Hank

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43 minutes ago, drsel said:

But you are indeed very lucky and fortunate to have gotten a 100% full cash refund + 25% extra in FCC as a bonus

How did they do that - I thought it was one or the other??

 

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28 minutes ago, DaveOKC said:

How did they do that - I thought it was one or the other??

 

 

This is from the first, or one of the first cancellations, Asia only itineraries (+ transpacific crossing Yokohama > Vancouver) on the Westerdam of this past March-April.    

 

Those cruises, Feb 28, March 14, March 28, April 11, and April 25 were cancelled in one swoop - on February 20th (email received from HAL).    It only pertained to Asia sailings on the Westerdam.

 

The provisions were 100% refund, and 25% FCC toward a future booking.

 

At that time February 20, nothing more was known/decided regarding other sailings. The rampant  spread of Covid-19 was only beginning to affect Europe. Decisions at that time affected only the remainder of the 2020 spring Asia sailing season - as that was the hot topic and area.

 

Carol

Edited by CJcruzer
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3 hours ago, drsel said:

Isnt the US government doing the very same thing ?
Piling on debt of trillions of dollars??
CCL is only following the US governments example!

 

There is a major difference.  The Federal Government can print more money and ignore the debt.  A private company cannot do the same.  

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15 hours ago, drsel said:

Borrowing to repay past debt is a clear sign of falling into a debt trap

 

I am concerned about that.

 

That is what concerns me very much.

16 hours ago, AtlantaCruiser72 said:

But, if it keeps them solvent long enough to resume operations .....

 

.....until when?  The longer this situation goes on and no revenue is booked....do I need to say more?  Is the Company expecting to "survive" on whatever they receive from ships that are sold for scrap or whatever if revenue from guests are not on the books?  That's not a world class business plan.  

 

 

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47 minutes ago, rkacruiser said:

 

There is a major difference.  The Federal Government can print more money and ignore the debt.  A private company cannot do the same.  

 

Bingo, you hit the nail on the head!    

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44 minutes ago, rkacruiser said:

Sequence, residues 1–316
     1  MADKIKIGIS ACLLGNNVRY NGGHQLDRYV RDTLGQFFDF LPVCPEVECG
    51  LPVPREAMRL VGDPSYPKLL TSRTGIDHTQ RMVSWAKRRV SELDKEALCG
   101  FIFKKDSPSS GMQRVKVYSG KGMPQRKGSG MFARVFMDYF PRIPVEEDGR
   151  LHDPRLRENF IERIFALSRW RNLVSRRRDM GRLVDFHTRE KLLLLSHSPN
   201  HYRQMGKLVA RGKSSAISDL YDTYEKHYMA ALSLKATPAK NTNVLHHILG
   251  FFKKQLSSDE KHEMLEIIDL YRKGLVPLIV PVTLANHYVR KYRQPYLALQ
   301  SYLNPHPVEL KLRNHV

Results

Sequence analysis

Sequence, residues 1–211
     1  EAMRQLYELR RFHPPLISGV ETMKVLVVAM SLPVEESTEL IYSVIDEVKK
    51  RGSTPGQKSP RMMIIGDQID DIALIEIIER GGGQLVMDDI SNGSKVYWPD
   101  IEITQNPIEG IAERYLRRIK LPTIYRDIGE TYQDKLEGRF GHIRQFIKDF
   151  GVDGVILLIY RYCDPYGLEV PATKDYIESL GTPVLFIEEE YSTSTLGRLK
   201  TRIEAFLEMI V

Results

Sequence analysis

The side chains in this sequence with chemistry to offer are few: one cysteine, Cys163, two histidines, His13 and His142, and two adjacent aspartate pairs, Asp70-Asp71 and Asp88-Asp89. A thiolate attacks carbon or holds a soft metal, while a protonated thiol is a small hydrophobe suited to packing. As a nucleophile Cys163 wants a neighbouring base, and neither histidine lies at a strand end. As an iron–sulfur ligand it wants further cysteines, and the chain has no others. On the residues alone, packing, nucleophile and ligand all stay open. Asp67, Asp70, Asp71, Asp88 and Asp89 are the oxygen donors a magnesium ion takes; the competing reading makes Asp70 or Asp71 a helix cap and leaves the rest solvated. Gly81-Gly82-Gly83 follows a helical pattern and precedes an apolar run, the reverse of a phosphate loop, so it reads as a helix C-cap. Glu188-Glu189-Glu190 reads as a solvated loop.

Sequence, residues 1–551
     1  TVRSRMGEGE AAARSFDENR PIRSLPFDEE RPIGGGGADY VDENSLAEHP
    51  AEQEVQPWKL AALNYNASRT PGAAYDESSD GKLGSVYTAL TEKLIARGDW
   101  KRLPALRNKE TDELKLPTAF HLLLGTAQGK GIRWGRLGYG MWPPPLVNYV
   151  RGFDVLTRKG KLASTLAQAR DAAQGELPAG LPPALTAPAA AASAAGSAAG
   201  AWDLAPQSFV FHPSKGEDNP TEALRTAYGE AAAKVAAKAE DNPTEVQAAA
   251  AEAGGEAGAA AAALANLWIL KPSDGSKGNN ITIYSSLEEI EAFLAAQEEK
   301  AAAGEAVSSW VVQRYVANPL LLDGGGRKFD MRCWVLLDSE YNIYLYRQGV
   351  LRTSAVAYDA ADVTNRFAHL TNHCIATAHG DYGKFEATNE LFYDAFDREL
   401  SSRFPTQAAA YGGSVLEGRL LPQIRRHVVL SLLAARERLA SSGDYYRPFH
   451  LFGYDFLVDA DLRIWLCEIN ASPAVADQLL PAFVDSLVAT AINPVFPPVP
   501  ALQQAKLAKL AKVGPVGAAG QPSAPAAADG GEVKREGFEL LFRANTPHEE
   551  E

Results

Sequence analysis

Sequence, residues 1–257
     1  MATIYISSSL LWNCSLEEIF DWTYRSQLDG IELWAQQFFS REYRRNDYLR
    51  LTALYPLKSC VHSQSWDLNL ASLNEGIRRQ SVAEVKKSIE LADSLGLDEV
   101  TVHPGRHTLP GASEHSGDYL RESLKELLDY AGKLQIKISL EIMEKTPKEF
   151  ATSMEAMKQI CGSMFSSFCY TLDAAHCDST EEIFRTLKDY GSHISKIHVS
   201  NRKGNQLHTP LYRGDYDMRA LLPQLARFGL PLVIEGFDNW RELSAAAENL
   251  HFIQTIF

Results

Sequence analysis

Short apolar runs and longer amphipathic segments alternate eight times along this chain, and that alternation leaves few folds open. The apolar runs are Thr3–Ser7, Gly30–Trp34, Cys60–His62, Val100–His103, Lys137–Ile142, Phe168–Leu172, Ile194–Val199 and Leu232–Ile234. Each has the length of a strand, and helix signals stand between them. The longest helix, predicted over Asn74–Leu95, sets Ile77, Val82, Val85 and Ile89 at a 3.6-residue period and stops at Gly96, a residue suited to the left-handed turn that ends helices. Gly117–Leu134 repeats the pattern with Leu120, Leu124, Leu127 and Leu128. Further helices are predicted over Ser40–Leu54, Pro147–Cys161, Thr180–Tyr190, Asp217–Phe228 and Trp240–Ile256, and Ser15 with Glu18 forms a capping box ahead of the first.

I am concerned about that.

 

That is what concerns me very much.

 

.....until when?  The longer this situation goes on and no revenue is booked....do I need to say more?  Is the Company expecting to "survive" on whatever they receive from ships that are sold for scrap or whatever if revenue from guests are not on the books?  That's not a world class business plan.  

 

 

The ships are collateral for debt.  The lenders would have to concur with the sale of any ships, and most certainly require the proceeds be applied to debt.

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1 hour ago, bouhunter said:

The ships are collateral for debt.  The lenders would have to concur with the sale of any ships, and most certainly require the proceeds be applied to debt.

 

And which company or consortium might you suggest that would buy such ships?  At this time, of course.  

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3 hours ago, rkacruiser said:

 

I am concerned about that.

 

That is what concerns me very much.

 

.....until when?  The longer this situation goes on and no revenue is booked....do I need to say more?  Is the Company expecting to "survive" on whatever they receive from ships that are sold for scrap or whatever if revenue from guests are not on the books?  That's not a world class business plan.  

 

 

Selling the fully depreciated older ships is more a matter of reducing operational costs of keeping those ships (even with minimal crew).  Even a minimal selling prices (such as for scrap) provides some income, the reduction in operational costs helps even more.